Housing discrimination case involving emotional-support dog set for trial; landlords claim tenant posed a threat

Defendants in a housing discrimination lawsuit involving a man with an emotional-support dog claim the man would have posed a threat and are questioning his status as a disabled veteran.

“The whole picture of him being a disabled veteran or disabled as a result of military service appears to be inaccurate,” said attorney Bruce Hanson, who represents the landlords in the case. “We don’t have any documents because the city and he refused to provide documents.”

The City of Lawrence filed the lawsuit last year claiming that the landlords, Lyndon and Kathi Mullis, of Baldwin City, discriminated against Christopher Evans due to his disability and his use of an emotional-support dog. Evans is identified in the suit as a military veteran. At issue is whether the landlords violated a local ordinance and federal fair housing law when they allegedly turned Evans away based on their pet policy for Ashbury Townhomes, 925 E. 14th St.

Attorney David Brown, who represents the city, said the act in itself was discrimination and therefore violated city ordinance, state laws and federal laws protecting the disabled. He said the document request and other claims being made against Evans cannot retroactively justify those actions.

“The landlords said no because he had a dog,” Brown said. “That was the end of the discussion; it lasted two minutes. It may very well have been, frankly, that if they had accepted the application and looked into Mr. Evans’ background, they may have determined that he wasn’t eligible to rent from them for a variety of other reasons, but they did not do that.”

The landlords have denied that such discrimination occurred and in December Hanson requested a host of documents, such as Evans’ army, medical, drug test and criminal records. The city subsequently filed a request for protection from the document request, claiming it was “overly burdensome” and intended as harassment.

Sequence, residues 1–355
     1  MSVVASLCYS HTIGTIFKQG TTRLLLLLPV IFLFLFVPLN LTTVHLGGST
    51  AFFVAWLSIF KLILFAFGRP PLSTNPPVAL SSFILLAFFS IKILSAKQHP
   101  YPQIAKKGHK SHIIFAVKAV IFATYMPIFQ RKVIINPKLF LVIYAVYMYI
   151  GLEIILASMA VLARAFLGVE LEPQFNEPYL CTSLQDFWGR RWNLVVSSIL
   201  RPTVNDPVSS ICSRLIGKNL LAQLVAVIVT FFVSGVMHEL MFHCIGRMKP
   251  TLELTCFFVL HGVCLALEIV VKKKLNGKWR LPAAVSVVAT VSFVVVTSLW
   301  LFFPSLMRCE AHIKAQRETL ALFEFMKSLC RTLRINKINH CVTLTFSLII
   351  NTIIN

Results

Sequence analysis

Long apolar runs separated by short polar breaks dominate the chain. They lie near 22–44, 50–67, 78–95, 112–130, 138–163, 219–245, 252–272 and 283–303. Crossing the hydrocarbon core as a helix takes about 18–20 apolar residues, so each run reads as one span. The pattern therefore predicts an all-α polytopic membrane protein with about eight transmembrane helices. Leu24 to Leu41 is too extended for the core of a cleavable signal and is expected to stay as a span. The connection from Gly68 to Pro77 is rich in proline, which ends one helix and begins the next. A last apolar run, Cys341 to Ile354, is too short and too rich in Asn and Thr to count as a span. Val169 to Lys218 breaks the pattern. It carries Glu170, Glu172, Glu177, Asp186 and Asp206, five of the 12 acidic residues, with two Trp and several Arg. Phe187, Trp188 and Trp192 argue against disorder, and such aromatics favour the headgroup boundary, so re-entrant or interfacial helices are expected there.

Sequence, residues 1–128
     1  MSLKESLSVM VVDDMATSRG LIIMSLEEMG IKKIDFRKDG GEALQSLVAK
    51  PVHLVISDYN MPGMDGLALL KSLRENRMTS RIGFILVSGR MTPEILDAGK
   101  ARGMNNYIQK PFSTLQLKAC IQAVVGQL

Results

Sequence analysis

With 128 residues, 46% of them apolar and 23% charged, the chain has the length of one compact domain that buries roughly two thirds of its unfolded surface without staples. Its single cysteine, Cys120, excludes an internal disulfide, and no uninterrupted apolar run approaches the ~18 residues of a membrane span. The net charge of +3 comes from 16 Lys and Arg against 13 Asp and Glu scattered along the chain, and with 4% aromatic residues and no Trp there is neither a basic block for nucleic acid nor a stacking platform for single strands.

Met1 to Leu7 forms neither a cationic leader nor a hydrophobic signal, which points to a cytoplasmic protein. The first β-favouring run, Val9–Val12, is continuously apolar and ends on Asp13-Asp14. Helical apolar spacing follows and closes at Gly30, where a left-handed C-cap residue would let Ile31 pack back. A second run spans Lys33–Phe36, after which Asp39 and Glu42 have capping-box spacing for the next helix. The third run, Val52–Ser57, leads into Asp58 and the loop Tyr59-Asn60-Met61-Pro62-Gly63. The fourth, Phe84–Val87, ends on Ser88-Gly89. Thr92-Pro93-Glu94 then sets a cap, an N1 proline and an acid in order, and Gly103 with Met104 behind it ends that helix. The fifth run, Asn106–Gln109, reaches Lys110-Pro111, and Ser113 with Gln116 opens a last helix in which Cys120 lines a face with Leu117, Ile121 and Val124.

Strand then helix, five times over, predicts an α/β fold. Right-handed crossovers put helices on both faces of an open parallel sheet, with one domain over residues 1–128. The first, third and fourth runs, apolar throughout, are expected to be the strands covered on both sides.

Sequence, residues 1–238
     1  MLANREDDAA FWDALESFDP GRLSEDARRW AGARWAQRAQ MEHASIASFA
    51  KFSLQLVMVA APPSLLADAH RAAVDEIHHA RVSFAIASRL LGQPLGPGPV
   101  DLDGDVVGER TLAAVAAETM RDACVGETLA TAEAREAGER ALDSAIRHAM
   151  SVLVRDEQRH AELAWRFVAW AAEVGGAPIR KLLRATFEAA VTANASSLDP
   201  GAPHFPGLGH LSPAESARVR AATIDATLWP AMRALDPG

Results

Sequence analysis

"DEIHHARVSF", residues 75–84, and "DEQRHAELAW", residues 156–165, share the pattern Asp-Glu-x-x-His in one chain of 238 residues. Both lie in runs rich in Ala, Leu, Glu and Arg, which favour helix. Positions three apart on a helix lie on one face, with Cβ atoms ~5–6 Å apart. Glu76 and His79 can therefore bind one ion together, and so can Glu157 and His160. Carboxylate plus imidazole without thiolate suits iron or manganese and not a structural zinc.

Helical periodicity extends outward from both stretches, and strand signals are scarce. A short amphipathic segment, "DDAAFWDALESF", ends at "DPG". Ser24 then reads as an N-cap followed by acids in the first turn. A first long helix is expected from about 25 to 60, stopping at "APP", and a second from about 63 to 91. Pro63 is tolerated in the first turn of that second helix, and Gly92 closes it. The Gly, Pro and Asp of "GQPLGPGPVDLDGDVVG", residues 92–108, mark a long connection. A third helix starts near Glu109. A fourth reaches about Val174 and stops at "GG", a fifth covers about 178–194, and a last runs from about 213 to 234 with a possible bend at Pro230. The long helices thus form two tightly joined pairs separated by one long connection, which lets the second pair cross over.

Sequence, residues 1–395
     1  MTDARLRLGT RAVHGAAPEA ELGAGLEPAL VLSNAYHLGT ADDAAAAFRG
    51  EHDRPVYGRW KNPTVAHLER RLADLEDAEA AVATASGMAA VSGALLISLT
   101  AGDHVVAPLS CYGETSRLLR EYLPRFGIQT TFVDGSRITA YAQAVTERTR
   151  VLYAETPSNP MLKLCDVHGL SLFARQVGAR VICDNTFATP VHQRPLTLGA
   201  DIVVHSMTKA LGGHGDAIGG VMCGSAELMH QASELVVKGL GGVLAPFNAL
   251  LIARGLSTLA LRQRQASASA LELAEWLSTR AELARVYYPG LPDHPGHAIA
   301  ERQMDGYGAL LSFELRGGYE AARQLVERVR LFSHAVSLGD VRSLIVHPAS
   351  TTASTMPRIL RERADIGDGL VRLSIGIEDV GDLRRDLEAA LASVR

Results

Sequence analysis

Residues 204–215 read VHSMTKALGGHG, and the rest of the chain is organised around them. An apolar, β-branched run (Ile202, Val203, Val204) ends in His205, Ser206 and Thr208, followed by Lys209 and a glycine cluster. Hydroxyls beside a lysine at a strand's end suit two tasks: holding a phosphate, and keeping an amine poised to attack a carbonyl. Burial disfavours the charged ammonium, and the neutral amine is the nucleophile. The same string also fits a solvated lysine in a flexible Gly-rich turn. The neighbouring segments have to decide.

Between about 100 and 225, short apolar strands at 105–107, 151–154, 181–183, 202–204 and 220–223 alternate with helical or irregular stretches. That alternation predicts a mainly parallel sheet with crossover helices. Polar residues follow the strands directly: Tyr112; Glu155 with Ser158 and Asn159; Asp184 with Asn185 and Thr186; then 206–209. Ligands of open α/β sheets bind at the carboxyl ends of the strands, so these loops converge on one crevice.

In a response filed Monday, the defendant landlords reiterated the need for documents. Hanson said all the claims need documentary evidence and also notes that Evans signed an authorization to release records to the city.

“All the facts tie to documents you need to either disapprove his claims that he’s a disabled veteran, etc., etc., or to establish an affirmative defense, which ends the case,” Hanson said. “They all need actual documentary evidence; that’s the best evidence.”

The response filed Monday also claims that both Evans and the dog would have threatened the safety of fellow tenants. It alleges that Evans has a violent criminal record and that the unit he was interested in renting shared an enclosed courtyard with a tenant with a mental illness that “includes a serious fear of large dogs,” resulting in a health risk for that tenant.

“What the Mullises have to do here now that they know all this is what they are doing,” Hanson said. “They have to stand up for their existing tenants; they have to defend their tenants.”

Regarding the records request, Brown said various privacy laws cover those records and that the city doesn’t have control of them. He said arguments regarding Evans’ background are irrelevant, as the discrimination happened in the initial two-minute conversation.

“It gets to things that might have happened later in the rental process, but under the circumstances of this case we never got that far because the landlord discriminated first,” Brown said.

The original lawsuit was filed Nov. 8 in Douglas County District Court by the City of Lawrence Human Relations Commission, and is seeking damages of more than $75,000, as well as reimbursement of court costs and attorney fees. The subsequent counterclaim filed by the landlords claims an abuse of process by the city and seeks $50,000 of damages, as well as reimbursement of other costs and attorney fees.

The city’s nine-member Human Relations Commission has the ability to investigate, rule upon and resolve discrimination complaints, and the lawsuit states that conciliation efforts to resolve Evans’ dispute were attempted but failed.

The trial in the lawsuit is scheduled for 9 a.m. Dec. 13 in Douglas County District Court.